by Celli Lane
"What?" Clark mumbled. "Go away. No more cows."
"You live on a farm. You own cows."
"My father owns cows."
"And probably names them all personally. My point is, you don't need to be mocking cows."
Clark kept his eyes squeezed shut. "I could mock the corn instead. You know, in Kansas, we eat corn. We don't put it on buildings."
Lex sighed. "Okay, Mitchell was a mistake."
"The Corn Palace? Pfah. Waste of good corn. And why did we keep driving for four hours after that? You saw the ethanol factory. You're buying the ethanol factory. Go you."
"If you'd open your eyes, you might figure it out." There was a hint of impatience in Lex's tone. Clark opened his eyes.
And sat up straight. "Whoa."
"That's what I thought."
The brown plains and fenced pastures of central South Dakota had disappeared while he slept. Instead, forested hills rose up around him, dappled in every imaginable shade of green. They were in a valley that held a gravel road, a small farmhouse, and a couple of barns. Behind it all, he could just see a glimmer of sun on water that might be either a river or a lake. The air smelled like pine trees and spring and--
He looked at Lex. "Cows?"
"Well, it is a working ranch," Lex said. Not defensively. At all.
Clark grinned. "We're still in South Dakota, right? Or was there an I-90 exit for the Twilight Zone?"
"Welcome to the Black Hills."
"Lex..." He looked around again. "I've never seen anything like it."
"I thought about buying the ranch in Montana back," Lex said. They were sitting on the dock behind the barn, watching the ripples on the lake. Dinner had been earlier: steaks, garden-grown salad, and apple pie almost as good as Martha Kent's. Then they'd been shooed away from the dishes with homemade hot chocolate and orders not to come back until it had all been enjoyed. "But I didn't want to displace the family Dad sold it to. So I found this instead."
"Have you been up here a lot?"
"No, just to take a look around when I bought it. I'm hoping that with the new plant, I'll be up here more." Lex sipped his hot chocolate. "Mmm. I hear it's spectacular in the fall."
Clark bounced his feet a bit, kicking up a small spray of ice-cold water. "I'm glad you brought me."
"Not the usual spring break, I suppose."
"That's okay. I didn't have anything planned anyway."
"I thought you were going to stay in Metropolis and help little old ladies cross the street."
"It's going to look great on your resume. 'Extracurricular activities: College newspaper, intramural volleyball, fighting crime.' Sure to wow potential employers."
Lex raised an eyebrow.
Clark lifted his chin. "I don't play volleyball."
"Right. Sorry. What was I thinking?" Lex's grin turned sardonic. "Where would you find the time between school and saving people?"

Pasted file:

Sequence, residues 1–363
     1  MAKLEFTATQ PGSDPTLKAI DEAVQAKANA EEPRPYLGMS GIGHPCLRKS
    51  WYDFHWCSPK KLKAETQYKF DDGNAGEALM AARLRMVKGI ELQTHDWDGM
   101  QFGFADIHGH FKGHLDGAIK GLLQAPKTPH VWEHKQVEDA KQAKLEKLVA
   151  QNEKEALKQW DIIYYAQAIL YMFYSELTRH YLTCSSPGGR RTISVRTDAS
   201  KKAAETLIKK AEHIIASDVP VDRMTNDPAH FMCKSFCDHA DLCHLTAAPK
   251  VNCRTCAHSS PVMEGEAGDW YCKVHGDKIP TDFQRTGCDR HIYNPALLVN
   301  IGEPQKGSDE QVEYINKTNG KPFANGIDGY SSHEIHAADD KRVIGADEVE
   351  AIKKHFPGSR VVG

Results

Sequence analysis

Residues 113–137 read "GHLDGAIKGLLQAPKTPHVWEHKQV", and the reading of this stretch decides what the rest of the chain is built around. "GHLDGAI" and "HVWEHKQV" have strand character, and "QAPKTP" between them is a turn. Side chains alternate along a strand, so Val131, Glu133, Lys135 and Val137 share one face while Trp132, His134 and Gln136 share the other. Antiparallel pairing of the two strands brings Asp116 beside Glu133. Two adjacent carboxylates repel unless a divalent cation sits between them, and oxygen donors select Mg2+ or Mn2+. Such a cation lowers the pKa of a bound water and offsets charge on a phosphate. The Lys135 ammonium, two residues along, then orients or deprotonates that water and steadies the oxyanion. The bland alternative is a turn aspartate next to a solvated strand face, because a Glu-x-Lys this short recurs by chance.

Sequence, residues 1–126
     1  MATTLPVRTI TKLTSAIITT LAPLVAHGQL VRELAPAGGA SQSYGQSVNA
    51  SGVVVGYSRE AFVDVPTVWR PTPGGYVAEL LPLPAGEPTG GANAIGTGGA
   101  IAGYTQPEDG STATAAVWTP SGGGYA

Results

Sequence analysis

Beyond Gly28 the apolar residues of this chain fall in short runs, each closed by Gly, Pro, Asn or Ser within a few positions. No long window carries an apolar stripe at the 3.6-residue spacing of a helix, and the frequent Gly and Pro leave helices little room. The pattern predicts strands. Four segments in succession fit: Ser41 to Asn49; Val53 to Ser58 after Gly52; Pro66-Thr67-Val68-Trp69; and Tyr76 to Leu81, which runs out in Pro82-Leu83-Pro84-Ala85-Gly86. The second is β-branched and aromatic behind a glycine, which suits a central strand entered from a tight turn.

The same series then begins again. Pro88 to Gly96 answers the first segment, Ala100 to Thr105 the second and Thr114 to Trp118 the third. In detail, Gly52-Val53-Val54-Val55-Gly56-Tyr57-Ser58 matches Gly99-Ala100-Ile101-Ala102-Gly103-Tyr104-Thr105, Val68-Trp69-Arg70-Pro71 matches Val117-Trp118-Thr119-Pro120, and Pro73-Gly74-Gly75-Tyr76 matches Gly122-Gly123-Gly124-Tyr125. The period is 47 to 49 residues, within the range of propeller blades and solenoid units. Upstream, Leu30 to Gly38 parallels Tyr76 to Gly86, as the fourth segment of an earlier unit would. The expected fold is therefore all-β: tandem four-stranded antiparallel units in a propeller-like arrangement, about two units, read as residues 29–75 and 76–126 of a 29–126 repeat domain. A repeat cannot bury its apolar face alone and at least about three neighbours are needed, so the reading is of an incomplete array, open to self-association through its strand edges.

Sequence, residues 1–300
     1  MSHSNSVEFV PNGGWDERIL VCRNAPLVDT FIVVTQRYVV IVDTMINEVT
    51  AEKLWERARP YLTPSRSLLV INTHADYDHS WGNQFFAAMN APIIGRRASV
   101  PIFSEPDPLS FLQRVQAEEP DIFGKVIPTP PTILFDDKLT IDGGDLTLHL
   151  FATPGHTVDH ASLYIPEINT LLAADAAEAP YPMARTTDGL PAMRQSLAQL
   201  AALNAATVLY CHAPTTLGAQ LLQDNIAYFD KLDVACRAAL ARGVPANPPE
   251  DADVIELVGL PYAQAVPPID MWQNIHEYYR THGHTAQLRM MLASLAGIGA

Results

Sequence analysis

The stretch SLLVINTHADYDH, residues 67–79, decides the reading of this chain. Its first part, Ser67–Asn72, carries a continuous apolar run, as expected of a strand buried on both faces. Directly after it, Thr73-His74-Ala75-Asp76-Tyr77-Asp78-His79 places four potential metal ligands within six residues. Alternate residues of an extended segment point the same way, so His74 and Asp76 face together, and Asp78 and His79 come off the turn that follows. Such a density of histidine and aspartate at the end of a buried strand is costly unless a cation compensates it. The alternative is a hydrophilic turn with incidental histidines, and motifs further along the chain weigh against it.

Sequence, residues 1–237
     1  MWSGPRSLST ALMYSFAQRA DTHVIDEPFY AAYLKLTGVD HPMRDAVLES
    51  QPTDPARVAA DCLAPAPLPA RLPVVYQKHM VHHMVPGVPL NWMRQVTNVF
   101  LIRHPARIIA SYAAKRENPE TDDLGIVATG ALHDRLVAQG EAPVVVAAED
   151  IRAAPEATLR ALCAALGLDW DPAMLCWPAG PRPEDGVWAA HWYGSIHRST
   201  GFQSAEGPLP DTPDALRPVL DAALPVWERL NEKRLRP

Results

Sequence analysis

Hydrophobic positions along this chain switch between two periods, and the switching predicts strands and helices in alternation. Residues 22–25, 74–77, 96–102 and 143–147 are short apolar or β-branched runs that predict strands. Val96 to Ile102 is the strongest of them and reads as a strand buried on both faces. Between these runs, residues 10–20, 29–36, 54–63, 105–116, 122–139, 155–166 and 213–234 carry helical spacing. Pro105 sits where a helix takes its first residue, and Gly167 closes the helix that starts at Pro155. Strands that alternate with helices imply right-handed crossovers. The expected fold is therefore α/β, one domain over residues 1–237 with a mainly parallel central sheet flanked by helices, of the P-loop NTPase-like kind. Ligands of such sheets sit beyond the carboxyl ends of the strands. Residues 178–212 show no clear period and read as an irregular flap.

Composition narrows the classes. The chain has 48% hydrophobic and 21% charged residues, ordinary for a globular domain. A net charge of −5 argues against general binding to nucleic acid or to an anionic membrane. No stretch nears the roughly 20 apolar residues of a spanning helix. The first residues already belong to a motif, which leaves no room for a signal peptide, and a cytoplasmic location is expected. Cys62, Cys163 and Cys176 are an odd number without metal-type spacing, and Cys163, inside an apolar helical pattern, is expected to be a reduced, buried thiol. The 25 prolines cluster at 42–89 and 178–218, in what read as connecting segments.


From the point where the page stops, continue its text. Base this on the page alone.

"I'm just saying, you need to relax. I pay an obscene amount of money in taxes that do things like fund the salary of the Metropolis police force. They're going to start feeling left out if you don't let them have some fun."
"Number one, you're not 'just saying.' You're never 'just saying.' Number two, you and my dad really need to get off this 'can't save the world' kick."
"It figures," Lex said into his hot chocolate. "The one time Jonathan and I agree on something, and you're too stubborn to pay attention."
"Number three, you never take a break. This is a working vacation for you. Pot? Kettle? Hello."
Lex made a muffled, irritated noise and glared at the water. Beside him, Clark made a similar sound.
"So that's why you brought me with you on this trip?" he said finally, his voice tight. "Because you thought it would be good for me?"
"It's a road trip, not Brussels sprouts. I wanted you to see this place. And yes, I thought you needed to get away. When's the last time you had a full night's sleep?" Clark shrugged. "Or ate a meal with anyone, without making a lame excuse and rushing off? Chloe asked me if you were bulimic the other day."
"She says you haven't finished a meal with her since you started college."
"Oh, for pete's sake. What did you tell her?"
"I said no, you weren't bulimic, just deranged."
"Oh, thank you."
There was a long, resentful silence, and then Clark flopped back onto the dock. "So what you're saying is, I've been a bad friend."
"No." Lex turned to face him. "Clark, no. I'm saying that you're spreading yourself too thin. I wouldn't be much of a friend if I didn't tell you to--to--"
"Get a grip?"
"Something like that." Clark smiled, and Lex smiled back. "If you want to be 'Metropolis's Guardian Angel' that's fine--"
Clark rolled his eyes. "I hate the Inquisitor."
"But even a guardian angel needs someone to look out for him on occasion."
"Does that make you the angel's guardian?"
"All right. What do you have in mind?"
"A real vacation. Let's kick around here for a few days. Sleep too much, eat too much, pretend to fish, play tourist."
"Oh, God. More corn?"
"No, the people on this end of the state say it with stone." At Clark's blank look, Lex said, "Mt. Rushmore."
"Ohhhh." Clark narrowed his eyes. "And a vacation for you, too, right? No business?"
"I'll make you a deal. You don't save anyone unless it's life or death, and I won't take a business call unless it's life or bankruptcy."
Clark stuck out his hand. "Deal. And Lex?"
"Thank you," Clark said, just before he pushed him into the lake, hot chocolate and all.
"...going to KILL you!" Lex was screeching when his head broke the surface. Clark laughed like a loon and jumped in after him.
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